"The black man in America is the most-copied man on this planet, bar none.
Everybody wanna be [black], but nobody wanna be [black]."
—Paul Mooney, comedian (who used another term
for "black" which I, being white, decline to quote)
Look, I get it. Some of us white people find black people utterly fascinating. In much the same way we're inclined to assume that all English people are smart or that all gay men have flawless taste, we're inclined to assume that all black people are keepers of the cool. What's more, some of us attribute to this idolized people the mystical power to pronounce us cool as well—to bless us, to christen us, as it were, honorary black people. We bloody well live for that. For these reasons, some white people get so excited when they're in the vicinity of a dark-complexioned individual that they become overwhelmed and lose all reason. Like the family dog spotting his favorite treat, their focus becomes singular. All other interests disappear; they just want to be involved in any way they can.
That's when they start casually mentioning famous black people* they admire, just kind of slipping them into the conversation. And then some of these hapless souls . . . oh, here it comes . . . God help them . . . start affecting a dialect, language, and mannerisms that are nothing like their normal behavior. It's the desperate act of a person longing to be (depending on the decade) "hip," "hep," "cool," "with it," "down," or more likely, some new term we white people have yet to appropriate.
To that subset of Caucasians I say this—because someone has to tell you: you're embarrassing the rest of us.
Any attempts to "act black" when you're not are both misguided and off-putting. Let's track this. What's the plan here, exactly? Are you figuring that your best "sassy black girlfriend" voice will bridge some sort of vast language barrier you've decided exists? You reckon a sprinkling of "y'all"s and "we be"s will make it easier for someone with dark skin to understand what you're saying?
Or maybe you're hoping to convince black people that you're just like them—that is to say, black—that your hip-hop lean and vague finger signs are your day passes to an exclusive club that's not for you. Now, I don't know what kind of Rachel Dolezal Jedi mind trick you're hoping to pull off there, but you're not fooling anyone. Do you imagine any sane black person thinks to himself, "I'm so confused! He looks white . . . but those mannerisms! Clearly he's one of us!"? Take a deep breath, white friend, and use your brain.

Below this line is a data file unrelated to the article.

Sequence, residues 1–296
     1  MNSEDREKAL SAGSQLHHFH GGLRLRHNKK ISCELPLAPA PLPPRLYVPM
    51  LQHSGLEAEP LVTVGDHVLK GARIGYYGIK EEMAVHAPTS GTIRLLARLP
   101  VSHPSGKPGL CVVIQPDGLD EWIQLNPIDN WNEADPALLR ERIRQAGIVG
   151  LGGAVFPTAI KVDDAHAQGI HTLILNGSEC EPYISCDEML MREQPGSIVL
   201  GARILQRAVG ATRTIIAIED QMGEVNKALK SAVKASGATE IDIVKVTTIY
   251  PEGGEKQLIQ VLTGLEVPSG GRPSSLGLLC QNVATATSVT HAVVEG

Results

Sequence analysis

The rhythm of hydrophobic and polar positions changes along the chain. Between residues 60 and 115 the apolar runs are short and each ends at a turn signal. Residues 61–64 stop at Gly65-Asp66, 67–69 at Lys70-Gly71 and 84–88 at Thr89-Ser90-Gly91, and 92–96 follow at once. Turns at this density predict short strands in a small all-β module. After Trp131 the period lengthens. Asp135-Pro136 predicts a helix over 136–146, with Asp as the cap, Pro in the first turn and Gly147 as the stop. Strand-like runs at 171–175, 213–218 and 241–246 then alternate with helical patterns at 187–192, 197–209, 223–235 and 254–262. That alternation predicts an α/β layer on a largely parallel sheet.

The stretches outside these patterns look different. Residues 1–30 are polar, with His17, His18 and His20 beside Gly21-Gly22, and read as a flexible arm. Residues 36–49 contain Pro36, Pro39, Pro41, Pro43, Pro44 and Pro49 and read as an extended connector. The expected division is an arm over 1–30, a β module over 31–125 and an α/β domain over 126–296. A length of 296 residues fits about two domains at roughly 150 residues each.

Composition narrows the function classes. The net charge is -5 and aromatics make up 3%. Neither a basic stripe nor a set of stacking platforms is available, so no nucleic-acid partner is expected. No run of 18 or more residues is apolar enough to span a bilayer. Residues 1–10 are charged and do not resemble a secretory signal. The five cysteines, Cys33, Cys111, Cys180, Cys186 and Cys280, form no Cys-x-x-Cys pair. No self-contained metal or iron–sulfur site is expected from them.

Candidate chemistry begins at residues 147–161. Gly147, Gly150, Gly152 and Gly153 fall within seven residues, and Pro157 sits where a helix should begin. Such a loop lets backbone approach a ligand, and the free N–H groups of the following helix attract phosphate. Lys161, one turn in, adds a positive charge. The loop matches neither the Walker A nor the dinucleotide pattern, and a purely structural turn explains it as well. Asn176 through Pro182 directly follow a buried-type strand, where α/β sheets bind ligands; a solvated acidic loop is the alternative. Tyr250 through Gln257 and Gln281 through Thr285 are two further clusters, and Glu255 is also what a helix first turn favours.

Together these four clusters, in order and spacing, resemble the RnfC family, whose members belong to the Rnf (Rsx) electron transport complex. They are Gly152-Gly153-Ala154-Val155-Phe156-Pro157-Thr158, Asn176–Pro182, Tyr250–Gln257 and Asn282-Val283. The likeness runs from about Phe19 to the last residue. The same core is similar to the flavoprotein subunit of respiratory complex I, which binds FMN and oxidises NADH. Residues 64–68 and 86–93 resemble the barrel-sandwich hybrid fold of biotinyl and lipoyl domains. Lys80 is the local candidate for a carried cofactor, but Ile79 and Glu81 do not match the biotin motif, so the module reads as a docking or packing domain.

What makes all this potentially even more awkward is that many of the people you're speaking to don't talk the way you're trying to talk or use the mannerisms you're trying to adopt. And when that's the case, chances are your emphatic neck movements and outdated black slang are viewed as even more ridiculous. It's like a Frenchman trying to ingratiate himself by speaking to you in an exaggerated Texas drawl when you're from Connecticut.
There's a sort of favorable prejudice at work here. It is, nevertheless, prejudice. First, there's the ignorant idea that people with brown skin are all alike, with the same mannerisms and cultural backgrounds. And second, there's the idea that black people somehow require your uncanny behavioral adaptability in order to be able to hold a conversation. These assumptions are more than a bit insulting, not to mention absurd, when you think about it . . . which I suggest you do.
I've observed black people in these situations, and been amazed again and again by the remarkable grace with which they choose to handle these bizarre imitations. Sometimes, they'll even bless their superfan with an "Uh-oh! Look at you!" or a "You sure you're not black?" But trust me, these are niceties. They're trying to save that person from embarrassment. Nobody has mistaken the wanna-be for a member of the tribe.
I know that unique cultural "isms" can be fun and infectious (Mrs. Curmudgeon informs me that even I morph slightly if I spend enough time immersed in certain groups.) But people—try to resist doing your "I'm black like you" routine. It's not working like you think it is. I promise you, you can talk like yourself and be understood just fine. What's more, it's a far more respectful and dignified way to behave. You feel me?
*You may notice that the Curmudgeon chooses to use the descriptor "black" rather than "African American." For those of you who are curious, there are two reasons for this. 1) Not everyone who is black is African American. Some are Haitian, French, Dutch, or even . . . wait for it . . . African. And 2) I believe the only people who need to use the term African American are those who don't know any. The black people I know are still black, with no plans to stop being black, and we're all quite comfortable with that.